Brand

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Xaviers Institute of Business Management Studies

Subject Title: Brand Management
Maximum Marks: 80

Question No. 1 is compulsory and is for 16 Marks. Please attempt any 4 questions from question number 2 to 9.

1.Case Study : (Compulsory)
BURNOL

Burnol has been around for six decades as a yellow burns-relief ointment. It has almost become a generic brand. Its yellow colour reminds one of turmeric, the traditional burns-relief remedy. The brand has been recently acquired by Dr. Morepen (a subsidiary of Morepen Laboratories Ltd.) from Reckit Piramal. The brand has high recall value. Morepen is the brand’s third owner (Boots is the first, Pirmal second). Burnol’s position in the mind space of the consumer is that of the burns ointment. It is open to marketers to reposition the brand. But sometimes the brand does not budge from its original position. Burnol is a typical example. It is so strong as anti-burn ointment that it has become intractable. Burnol introduced by Boots started domestic manufacturing in 1948. JWT handled the account. Formerly, it was sold on prescription. In 1960 it became over-the counter (OTC) product. As Indian housewives depended upon kerosene or wood-fed stoves, Burnol became an integral part of the household. In 1967, Burnol’s application was far widened, to include antiseptic properties against cuts and other wounds. But it did not succeed and Boots reverted to its original anti-burns position. In 1972, Shield was launched by SKF as a competitive brand. It was followed by Medigard by J.L. Morison. But they could not affect Burnol. In 1980, a commercial on DD showed a daughter entering kitchen and getting burns due to oil splash. The mother uses Burnol and the VO says “Haath jal gaya? Shukar hai ghar mein Burnol jo hai”. Kitchen became safer in 85s after the switch-over to LPG-based cooking and the use of gas-lighter instead of the match boxes. Burnol started stagnating. Though the product had high recall, the actual reality was that households did not keep the product handy. Plain water was being recommended to treat burns. Turmeric, as it causes stains, was becoming a liability. The product composition was changed by changing colour from deep yellow to non-staining light yellow. People were coaxed to keep the product within easy reach, Sales showed some improvement. In 1995, again it was repositioned as antiseptic for multiple usages. The colour was made even lighter. It was given a new perfume. But the brand failed to compete with other antiseptic creams such as Boroline and Dettol. The brand could not be moved from its ‘burns’ spot in the consumer mind. It’s becoming generic as a burns remedy proved to be its cause for stagnation. In 2000, Burnol was sold to Reckitt Pirmal for 12.5 crore. It became Burnol Plus. It was positioned as ‘first aid cream’. It registered a turnover of ` 6.2 crore in 2002. As Reckit Pirmal joint venture came apart, Burnol was sold to Dr. Morepen in 2003. It is being relaunched in April 2004.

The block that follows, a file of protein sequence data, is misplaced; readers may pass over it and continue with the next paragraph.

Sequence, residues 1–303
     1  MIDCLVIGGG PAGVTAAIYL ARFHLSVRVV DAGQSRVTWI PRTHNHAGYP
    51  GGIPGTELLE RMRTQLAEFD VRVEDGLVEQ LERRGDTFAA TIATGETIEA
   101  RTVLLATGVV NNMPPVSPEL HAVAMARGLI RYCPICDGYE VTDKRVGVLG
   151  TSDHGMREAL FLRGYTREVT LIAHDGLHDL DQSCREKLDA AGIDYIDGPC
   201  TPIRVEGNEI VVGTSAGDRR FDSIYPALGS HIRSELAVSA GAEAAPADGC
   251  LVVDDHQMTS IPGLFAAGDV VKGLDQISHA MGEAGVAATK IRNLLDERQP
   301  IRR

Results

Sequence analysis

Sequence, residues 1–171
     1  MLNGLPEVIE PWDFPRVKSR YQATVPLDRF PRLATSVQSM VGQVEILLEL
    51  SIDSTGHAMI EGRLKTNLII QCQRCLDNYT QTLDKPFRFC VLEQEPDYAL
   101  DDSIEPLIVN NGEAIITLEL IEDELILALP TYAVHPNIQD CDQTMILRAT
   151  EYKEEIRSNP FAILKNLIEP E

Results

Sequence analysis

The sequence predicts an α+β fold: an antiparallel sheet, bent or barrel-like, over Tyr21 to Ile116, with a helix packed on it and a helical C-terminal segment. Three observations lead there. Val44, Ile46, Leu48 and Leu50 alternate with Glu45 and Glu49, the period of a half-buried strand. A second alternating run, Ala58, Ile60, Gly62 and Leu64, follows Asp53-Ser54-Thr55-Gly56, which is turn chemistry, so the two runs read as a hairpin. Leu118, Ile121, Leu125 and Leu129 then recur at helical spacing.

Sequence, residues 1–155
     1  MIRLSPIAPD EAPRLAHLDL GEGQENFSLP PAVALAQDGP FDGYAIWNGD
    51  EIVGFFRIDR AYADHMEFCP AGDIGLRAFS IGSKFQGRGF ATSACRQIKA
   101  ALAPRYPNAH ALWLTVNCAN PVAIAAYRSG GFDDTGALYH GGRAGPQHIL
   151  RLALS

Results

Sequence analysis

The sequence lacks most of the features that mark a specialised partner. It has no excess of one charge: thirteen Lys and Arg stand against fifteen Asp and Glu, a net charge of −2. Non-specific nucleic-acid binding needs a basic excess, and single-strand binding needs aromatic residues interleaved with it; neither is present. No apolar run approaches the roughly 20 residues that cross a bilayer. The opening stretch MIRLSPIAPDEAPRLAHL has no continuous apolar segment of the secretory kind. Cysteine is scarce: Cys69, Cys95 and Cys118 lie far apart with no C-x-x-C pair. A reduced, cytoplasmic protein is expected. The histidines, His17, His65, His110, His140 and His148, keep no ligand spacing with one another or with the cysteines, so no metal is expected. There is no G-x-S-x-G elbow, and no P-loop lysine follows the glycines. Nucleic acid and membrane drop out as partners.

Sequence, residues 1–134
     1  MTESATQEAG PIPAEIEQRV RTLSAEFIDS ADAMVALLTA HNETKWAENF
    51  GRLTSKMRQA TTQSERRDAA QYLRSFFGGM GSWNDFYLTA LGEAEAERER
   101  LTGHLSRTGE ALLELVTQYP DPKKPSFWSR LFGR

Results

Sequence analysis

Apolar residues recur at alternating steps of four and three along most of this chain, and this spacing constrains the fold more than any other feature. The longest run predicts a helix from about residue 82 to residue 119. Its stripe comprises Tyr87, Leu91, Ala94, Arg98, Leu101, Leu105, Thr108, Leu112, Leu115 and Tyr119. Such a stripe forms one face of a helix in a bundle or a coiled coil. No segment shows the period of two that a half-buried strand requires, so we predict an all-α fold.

Burns market including dressings stand as ` 39 crore. Antiseptic market stands at ` 210 crore. The old need is passing into history. The strategy should be to retain its original uniqueness, and still broad-base it. There are new dangers such as geysers, irons, ovens and so on. Burnol can become a cream that ensures safety if present. Burnol should be promoted as brand that cares. Burnol is now marketed by Dr. Morepen Lab as protective cream which should be kept handy always.

Question:
As a Management consultant give your comments on Burnol as a brand.

2.What do you understand by the concept of a Brand? Describe the characteristics of Brands. he American Marketing Association (AMA) defines a brand as a "name, term, sign, symbol or design, or a...
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